GOOD

Six Times Food Smugglers Just Wanted a Taste of Home

Tales of fruit bootleggers, label-swappers, and some damn good cheese.

Last month at Los Angeles International Airport, U.S. Customs agents noticed some unusual cargo arriving from Lagos, Nigeria. Hiding in two picnic baskets were 67 giant African snails, totaling 35 pounds, intended for human consumption.

While the case made for spectacular and unusual headlines, food smuggling is actually a common occurrence. Sometimes it’s unknowingly perpetrated by oblivious tourists, other times it’s a conscious scheme to evade import taxes, and, occasionally, organized crime gets involved, as Mexican cartels have during this year’s lime shortage. More often than not, however, food smuggling into the States is carried out by humble immigrants simply craving a taste of home.


To highlight the tasty contraband that never made it stateside, we compiled a list of some of the more bizarre food smuggling attempts in recent memory, each a reminder of how far people will go to preserve their cultural identity.

Photo by ukhomeoffice

Giant Snails

Considered a delicacy in Nigeria, where they are commonly peppered and stewed, these big fellas can reach up to eight inches long, are high in protein, and are abundant in a country with pronounced disparities in food security and economic equality. The snails are also culturally significant, particularly to the Yoruba people, whose origin story involves their divine creator descending from heaven and creating land by pouring earth out of a snail shell. In America, however, the snails are blacklisted because they are incredibly invasive—known to eat native fruit, vegetables, and even stucco off building walls.

Photo by Harsha K R

Indian Chickpeas

In February, a couple on their way back from India was detained at Dulles International Airport in Virginia for trying to sneak in 30 pounds of chickpeas and popcorn with green curry leafs. Chickpeas are the main ingredient in the Punjabi dish chana masala, a popular street food cooked with onions, tomatoes, cilantro, coriander, turmeric, chili powder, cumin, and lime. Chana masala is a good source of inexpensive protein for a country that boasts as many as 500 million vegetarians. Customs and Border Protection prohibits the Indian legume from entering the country though, to protect against the introduction of plant diseases and insect pests outside their borders.

Photo by Andrea Westmoreland

Live Turtles

Dubbed “Operation Flying Turtle,” the U.S. Fish and Wildlife Service busted a Japanese turtle smuggling ring in Los Angeles in 2011, arresting two men for trying to bring 55 live turtles into the country, hidden in snack food packages. Turtle hot pot stew (suppon nabe) is a popular Japanese dish with a storied history dating back to the first century. It is said to bestow sexual potency and stamina in men, provide health benefits for cancer patients, and was even favored by Japanese emperors in the Imperial Palace. Though the importation of live turtles for consumption is banned in the U.S. to protect against non-native species in local habitats, the dish is rumored to be available at certain late-night spots in New York City and Los Angeles, if you know where to look.

Photo by kaiton

Ackee Fruit

This forbidden fruit is illegal to bring into the United States because its poisonous seeds can induce vomiting, seizures, and even death. But in Jamaica it is a staple, eaten alongside salt fish as the country’s national dish. Its history is deep and closely tied to national identity—the fruit originates in West Africa and is said to have come to Jamaica on slave ships. Away from home, cravings for the pear-shaped fruit are so strong that hundreds of people are caught each year hiding ackee in legal Jamaican fruit import containers, and women have been known to hide Ziploc bags of ackee under their dresses to elude airport metal detectors.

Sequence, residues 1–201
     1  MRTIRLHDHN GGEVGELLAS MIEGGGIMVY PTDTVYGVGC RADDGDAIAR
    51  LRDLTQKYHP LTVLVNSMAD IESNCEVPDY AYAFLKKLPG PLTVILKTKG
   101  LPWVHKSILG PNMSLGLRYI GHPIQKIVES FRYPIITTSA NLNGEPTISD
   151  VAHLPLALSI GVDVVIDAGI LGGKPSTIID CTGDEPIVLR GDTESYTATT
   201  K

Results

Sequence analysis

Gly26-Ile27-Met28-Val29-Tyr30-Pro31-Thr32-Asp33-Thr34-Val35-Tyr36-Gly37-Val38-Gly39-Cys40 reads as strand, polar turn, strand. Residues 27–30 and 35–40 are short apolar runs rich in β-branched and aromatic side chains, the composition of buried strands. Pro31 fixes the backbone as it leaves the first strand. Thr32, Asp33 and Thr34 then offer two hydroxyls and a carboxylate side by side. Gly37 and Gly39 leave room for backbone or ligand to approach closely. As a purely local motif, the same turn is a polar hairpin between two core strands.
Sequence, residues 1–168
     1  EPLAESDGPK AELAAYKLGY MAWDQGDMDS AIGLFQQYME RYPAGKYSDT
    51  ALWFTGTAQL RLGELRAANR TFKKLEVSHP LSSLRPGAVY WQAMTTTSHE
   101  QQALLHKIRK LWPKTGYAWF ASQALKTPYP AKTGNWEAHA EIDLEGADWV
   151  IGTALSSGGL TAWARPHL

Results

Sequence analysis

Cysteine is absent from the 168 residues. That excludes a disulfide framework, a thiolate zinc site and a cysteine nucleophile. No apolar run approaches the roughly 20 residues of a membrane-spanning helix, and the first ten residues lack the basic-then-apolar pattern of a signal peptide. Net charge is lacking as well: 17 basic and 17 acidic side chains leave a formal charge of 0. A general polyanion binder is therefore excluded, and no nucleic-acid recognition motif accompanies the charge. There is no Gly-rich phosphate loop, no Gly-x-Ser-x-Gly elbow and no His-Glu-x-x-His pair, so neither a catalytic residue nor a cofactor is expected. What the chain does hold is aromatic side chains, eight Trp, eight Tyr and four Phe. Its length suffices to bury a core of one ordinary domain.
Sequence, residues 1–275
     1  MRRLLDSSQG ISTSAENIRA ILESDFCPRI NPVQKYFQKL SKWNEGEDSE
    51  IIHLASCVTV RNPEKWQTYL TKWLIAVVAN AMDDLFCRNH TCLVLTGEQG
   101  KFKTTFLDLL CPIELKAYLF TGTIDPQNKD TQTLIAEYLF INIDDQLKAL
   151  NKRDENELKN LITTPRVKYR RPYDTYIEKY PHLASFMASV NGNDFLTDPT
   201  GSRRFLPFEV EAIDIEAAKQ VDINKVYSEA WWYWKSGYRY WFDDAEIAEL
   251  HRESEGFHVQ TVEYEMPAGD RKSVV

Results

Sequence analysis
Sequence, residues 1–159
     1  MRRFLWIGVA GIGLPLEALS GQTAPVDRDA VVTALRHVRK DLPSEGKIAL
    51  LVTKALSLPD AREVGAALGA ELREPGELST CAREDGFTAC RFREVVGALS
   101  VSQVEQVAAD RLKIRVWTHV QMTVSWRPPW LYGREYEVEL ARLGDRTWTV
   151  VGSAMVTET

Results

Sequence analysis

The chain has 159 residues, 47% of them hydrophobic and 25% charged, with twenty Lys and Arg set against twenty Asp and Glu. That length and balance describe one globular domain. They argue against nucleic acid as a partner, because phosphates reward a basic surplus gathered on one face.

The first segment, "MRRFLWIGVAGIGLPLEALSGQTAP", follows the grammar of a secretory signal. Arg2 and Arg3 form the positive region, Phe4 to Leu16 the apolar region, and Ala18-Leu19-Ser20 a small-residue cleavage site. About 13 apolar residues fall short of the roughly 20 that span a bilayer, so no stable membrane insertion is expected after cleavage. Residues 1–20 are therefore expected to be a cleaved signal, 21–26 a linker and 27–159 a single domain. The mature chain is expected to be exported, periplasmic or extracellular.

Photo by Natesh Ramasamy

(Cocaine-laced) Goat Meat

Last year in New York, a Trinidadian man was nailed at John F. Kennedy International Airport for trying to bring large packages of goat meat into the country, a good that’s banned by U.S. Customs to safeguard against disease. After Trinidad and Tobago abolished slavery in the early 1800s, Indian immigrants filled a mass labor shortage in the sugarcane fields. The spices they brought with them became a hit with the locals; goat roti and goat curry, made with those South Asian herbs, are now two of Trinidad and Tobago’s most popular dishes. As for the traveler at JFK, it likely didn’t help that hidden inside the already prohibited meat was something even more illicit: seven pounds of cocaine.

Photo by Javier Lastras

Mexican Cheese

In 2009, a San Diego mother of five was stopped at the Mexican border coming back from Tijuana with 149 pounds of unpasteurized Mexican wheeled cheese hidden in her car. Cheese first arrived in Mexico as a result of Spanish colonization and the introduction of milk-producing animals transformed the local diet, spawning a rich tradition of regionally diverse cheeses, which are still prepared by families using safely guarded, generations-old recipes. The late Mexican journalist and poet Junto Sierra once said, “The grocer, not the conquistador, is the real Spanish father of Mexican society.” As a repeat offender (she was arrested five years earlier for smuggling marijuana across the same border crossing), the mother was slapped with a jail stint, fine, and probation. However, she earned sympathy from a Customs and Border Protection supervisor, who told the San Diego Union-Tribune, “The people want a taste of home…you can’t get (it) from the Vons queso Oaxaca. It’s just not the same.”